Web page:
Hormone replacement therapy patches used to reduce symptoms of the menopause may preserve the brain and protect against Alzheimer’s, research suggests.
Over a period of seven years, treatment with the skin patches was associated with less age-related shrinkage of part of the brain involved with memory, thinking and reasoning.
Women whose brains responded in this way were also less likely to have a key hallmark of Alzheimer’s disease, scientists found.
Their brains contained fewer sticky clumps of beta-amyloid, a toxic protein fragment believed to help trigger the death of neurons.
But hormone replacement therapy (HRT) had no impact on scores in thinking and memory tests.
Lead researcher Dr Kejal Kantarci, from the Mayo Clinic in Rochester, US, said: “We found that one form of menopausal hormone therapy taken soon after menopause may preserve brain structure in the portion of the brain responsible for memory and thinking skills.
“It may also reduce the development of amyloid plaques that can build up and lead to memory loss.”
For the study, the researchers recruited 75 healthy women with an average age of 53 who were between five months to three years past the menopause.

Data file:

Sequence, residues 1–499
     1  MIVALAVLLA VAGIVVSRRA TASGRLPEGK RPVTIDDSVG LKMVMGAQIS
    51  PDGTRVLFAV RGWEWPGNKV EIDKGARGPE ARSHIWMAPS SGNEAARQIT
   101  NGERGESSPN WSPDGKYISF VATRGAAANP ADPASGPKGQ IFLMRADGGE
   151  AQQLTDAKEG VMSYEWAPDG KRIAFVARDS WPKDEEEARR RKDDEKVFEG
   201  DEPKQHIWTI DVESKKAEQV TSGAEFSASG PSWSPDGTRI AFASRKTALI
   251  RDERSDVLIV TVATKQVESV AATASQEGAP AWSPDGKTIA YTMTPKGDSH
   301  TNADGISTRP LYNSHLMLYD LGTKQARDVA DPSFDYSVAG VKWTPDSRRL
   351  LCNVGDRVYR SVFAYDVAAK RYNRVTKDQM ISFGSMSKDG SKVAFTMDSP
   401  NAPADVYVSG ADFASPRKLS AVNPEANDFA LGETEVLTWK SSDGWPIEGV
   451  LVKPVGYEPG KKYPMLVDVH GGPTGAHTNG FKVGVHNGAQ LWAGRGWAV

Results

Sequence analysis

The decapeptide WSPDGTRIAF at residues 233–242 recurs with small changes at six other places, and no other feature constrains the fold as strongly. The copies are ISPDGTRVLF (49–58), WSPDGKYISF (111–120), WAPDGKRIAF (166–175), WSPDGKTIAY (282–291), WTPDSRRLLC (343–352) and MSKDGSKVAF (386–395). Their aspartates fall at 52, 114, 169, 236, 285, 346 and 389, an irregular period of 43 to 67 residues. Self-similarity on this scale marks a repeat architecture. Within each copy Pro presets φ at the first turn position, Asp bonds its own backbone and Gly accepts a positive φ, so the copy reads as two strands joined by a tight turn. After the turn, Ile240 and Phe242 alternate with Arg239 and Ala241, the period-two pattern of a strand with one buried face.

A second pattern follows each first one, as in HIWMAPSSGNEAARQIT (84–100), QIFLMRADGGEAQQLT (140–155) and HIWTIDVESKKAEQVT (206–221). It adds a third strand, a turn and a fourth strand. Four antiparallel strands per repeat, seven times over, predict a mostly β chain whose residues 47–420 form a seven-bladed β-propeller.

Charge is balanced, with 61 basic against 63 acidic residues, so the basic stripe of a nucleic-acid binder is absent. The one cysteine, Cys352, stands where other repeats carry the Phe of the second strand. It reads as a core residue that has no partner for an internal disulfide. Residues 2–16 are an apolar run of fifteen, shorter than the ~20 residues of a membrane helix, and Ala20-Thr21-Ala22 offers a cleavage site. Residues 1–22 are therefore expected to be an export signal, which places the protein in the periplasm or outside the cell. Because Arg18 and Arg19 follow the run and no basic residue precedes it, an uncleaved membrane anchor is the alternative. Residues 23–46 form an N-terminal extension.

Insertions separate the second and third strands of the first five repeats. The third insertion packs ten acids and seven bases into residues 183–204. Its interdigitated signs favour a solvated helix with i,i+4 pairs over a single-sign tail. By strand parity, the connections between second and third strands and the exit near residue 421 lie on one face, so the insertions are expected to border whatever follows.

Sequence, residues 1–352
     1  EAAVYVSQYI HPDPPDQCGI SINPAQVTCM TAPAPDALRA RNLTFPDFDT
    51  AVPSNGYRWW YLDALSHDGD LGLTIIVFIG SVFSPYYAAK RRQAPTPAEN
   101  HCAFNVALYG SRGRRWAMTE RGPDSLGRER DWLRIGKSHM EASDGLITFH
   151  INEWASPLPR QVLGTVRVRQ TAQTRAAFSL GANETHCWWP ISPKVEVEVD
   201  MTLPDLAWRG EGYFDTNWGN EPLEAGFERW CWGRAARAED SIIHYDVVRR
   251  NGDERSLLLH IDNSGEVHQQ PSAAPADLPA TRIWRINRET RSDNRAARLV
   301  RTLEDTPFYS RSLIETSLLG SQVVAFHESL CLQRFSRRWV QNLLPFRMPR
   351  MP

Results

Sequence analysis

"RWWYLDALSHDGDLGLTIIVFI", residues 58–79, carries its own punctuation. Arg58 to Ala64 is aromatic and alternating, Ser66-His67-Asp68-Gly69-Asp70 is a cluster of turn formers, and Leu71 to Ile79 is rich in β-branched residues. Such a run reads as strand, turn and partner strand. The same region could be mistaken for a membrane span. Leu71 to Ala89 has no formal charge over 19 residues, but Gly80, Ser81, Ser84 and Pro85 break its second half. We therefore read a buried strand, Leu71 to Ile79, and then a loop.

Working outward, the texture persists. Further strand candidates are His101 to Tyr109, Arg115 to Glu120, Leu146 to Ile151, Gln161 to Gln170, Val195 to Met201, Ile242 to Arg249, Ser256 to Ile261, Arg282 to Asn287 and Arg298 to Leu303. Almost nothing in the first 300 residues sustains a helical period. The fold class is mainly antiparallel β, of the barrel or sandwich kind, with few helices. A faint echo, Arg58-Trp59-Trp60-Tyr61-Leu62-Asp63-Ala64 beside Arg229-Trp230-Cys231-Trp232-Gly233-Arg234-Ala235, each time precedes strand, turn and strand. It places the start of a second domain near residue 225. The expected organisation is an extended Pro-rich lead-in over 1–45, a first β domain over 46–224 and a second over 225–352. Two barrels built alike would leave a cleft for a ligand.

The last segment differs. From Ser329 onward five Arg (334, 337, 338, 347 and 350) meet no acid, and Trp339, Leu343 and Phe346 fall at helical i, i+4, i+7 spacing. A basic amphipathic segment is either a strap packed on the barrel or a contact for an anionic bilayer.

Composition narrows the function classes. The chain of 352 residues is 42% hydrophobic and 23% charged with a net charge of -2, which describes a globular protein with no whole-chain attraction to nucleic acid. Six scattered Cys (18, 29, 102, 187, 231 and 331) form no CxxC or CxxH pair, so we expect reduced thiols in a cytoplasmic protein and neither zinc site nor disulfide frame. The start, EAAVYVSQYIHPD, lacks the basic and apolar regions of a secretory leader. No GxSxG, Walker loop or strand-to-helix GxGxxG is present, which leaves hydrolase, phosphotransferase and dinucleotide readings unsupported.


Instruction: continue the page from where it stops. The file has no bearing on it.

Of those, 20 took a pill form of HRT, 22 received oestrogen-releasing skin patches, and 33 were given a “dummy” placebo treatment that was either a pill or a patch. Treatment was continued for four years.
Scans showed that women using the active patches maintained volume in the dorsolateral prefrontal cortex brain region over the full period of the study, extending beyond the end of treatment.
Changes in the brain were also seen during therapy with oestrogen pills, but they ceased when the treatment stopped.
The findings are published in the journal Neurology.
Dr Kantarci said: “More research is needed to determine the biological reasons behind brain changes during menopausal hormone therapy.
“Future research is also need to better define just how the different hormonal products, pills versus skin patches, affect the brain.”